Go ahead and accuse me of being an anarchist, but I'm plenty bummed about N.C. State basketball player Tracy Smith's suspension for criticizing game officials.
Minutes after the Wolfpack's 67-59 Sunday loss at Wake Forest, the junior forward said he didn't think Karl Hess, Joe Lindsay and Sean Hull did a good job.
"I think they favored Wake Forest all the way, but that's ACC basketball. You've got to play through that," Smith said.
"I felt like there was too many touch fouls. It's a man's game; I mean there's going to be touching and hitting. You can't call every little touch foul."
Those words prompted N.C. State coach Sidney Lowe to enforce his program rule and suspend the team's best player for Wednesday's game at Arizona.
Almost all college teams and conferences have policies that prohibit players and coaches from making derogatory public comments about officiating. If they have something positive to say, they are allowed to run on for hours. So in defense of Lowe, if he hadn't taken strong action, the ACC might have done it for him.
What's so wrong with a game's participants discussing the performances of other participants?
Smith should have as much right as a fan to express an opinion. So should a coach, athletic director or school chancellor. For that matter, a game official should have the same option. If Hess wants to come out and say a player or a coach was ineffective, so be it. Let him speak his piece.
In this case, Smith probably was off-base in saying the officials "favored" Wake. But just because I happen to disagree with his opinion, that certainly doesn't mean he shouldn't be able to say what's on his mind.
And shoot, maybe even Smith is right. A couple of the fouls called on him were borderline and definitely had an impact on the outcome. Even with Smith on the court for 40 minutes, instead of 23, State's offense is puny enough. But put him on the bench for 10 to 15 minutes, and the Pack is fortunate to find a decent shot, much less sink it.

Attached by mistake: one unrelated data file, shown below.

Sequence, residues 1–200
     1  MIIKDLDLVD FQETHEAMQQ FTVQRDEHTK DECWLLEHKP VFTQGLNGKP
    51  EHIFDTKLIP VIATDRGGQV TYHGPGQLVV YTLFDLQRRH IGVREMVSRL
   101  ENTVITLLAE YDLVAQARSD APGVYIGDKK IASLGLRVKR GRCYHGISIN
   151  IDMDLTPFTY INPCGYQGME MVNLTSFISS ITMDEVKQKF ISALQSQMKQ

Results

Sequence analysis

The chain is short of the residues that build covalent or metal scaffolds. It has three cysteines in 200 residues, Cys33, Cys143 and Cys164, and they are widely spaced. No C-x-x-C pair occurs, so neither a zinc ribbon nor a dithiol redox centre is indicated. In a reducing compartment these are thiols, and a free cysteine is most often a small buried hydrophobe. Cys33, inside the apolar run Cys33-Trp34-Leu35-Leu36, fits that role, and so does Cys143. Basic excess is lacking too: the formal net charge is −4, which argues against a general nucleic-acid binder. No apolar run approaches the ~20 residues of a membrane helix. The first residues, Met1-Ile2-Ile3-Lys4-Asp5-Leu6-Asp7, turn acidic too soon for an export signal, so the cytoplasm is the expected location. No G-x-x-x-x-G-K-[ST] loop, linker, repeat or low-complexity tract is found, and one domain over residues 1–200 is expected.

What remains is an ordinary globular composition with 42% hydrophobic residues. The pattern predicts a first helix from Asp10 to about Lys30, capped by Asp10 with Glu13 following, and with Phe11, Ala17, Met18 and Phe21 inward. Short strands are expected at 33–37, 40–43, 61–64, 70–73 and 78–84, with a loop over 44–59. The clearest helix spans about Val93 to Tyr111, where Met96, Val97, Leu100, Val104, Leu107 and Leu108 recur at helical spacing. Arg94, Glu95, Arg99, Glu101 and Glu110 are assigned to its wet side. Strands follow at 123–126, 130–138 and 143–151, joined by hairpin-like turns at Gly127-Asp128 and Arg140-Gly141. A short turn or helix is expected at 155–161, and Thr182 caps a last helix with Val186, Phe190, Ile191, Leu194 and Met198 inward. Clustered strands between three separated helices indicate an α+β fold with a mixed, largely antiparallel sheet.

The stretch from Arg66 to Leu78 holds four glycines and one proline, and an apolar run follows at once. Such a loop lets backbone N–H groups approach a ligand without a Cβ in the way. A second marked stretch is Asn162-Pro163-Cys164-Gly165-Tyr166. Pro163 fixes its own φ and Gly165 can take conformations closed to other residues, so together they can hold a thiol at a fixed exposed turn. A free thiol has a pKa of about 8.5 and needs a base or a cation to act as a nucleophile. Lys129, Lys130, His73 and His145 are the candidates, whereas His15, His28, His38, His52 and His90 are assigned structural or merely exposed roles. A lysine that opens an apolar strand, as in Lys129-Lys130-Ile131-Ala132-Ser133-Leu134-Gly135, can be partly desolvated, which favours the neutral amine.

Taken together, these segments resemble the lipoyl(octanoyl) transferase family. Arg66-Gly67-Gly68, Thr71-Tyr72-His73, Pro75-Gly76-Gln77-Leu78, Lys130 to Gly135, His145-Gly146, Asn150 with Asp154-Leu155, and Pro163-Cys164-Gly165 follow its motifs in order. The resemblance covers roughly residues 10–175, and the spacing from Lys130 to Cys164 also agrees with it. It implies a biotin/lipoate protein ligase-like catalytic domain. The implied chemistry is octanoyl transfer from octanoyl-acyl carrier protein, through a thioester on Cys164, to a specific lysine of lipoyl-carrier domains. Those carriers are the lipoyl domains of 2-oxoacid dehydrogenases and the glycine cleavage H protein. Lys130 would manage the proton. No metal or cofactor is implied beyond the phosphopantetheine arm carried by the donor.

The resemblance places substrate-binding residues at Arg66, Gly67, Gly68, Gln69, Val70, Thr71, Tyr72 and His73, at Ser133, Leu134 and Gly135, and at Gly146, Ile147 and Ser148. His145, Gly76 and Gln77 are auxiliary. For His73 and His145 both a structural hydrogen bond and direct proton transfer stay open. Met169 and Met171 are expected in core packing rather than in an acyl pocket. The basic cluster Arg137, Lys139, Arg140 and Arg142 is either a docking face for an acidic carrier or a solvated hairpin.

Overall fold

It's strange that the third rail of team sports - officiating - gradually has become a sacred cow of national proportion. It's virtually impossible to question any official's competency or judgment.
Officials have a difficult job. That's basic as bread, and even if it's not, it's been hard-wired into our culture for so long that it might as well have been included among the Declaration of Independence's self-evident truths.
There's another bromide about officials, too. They're human, and as such, shouldn't be treated in a manner befitting supernatural beings. That especially should be the case in college basketball and football, which are billion-dollar businesses.
The great line to describe the "speak no evil" mandate came years ago from former Maryland football coach Bobby Ross, shortly after he was suspended from sideline participation by the ACC for a game.
A year or two after that sanction, Ross again left a game irritated about what he had seen from the crew, but he had learned his lesson. Asked his opinion on the calls, Ross replied, "I'm not allowed to comment on lousy officiating."
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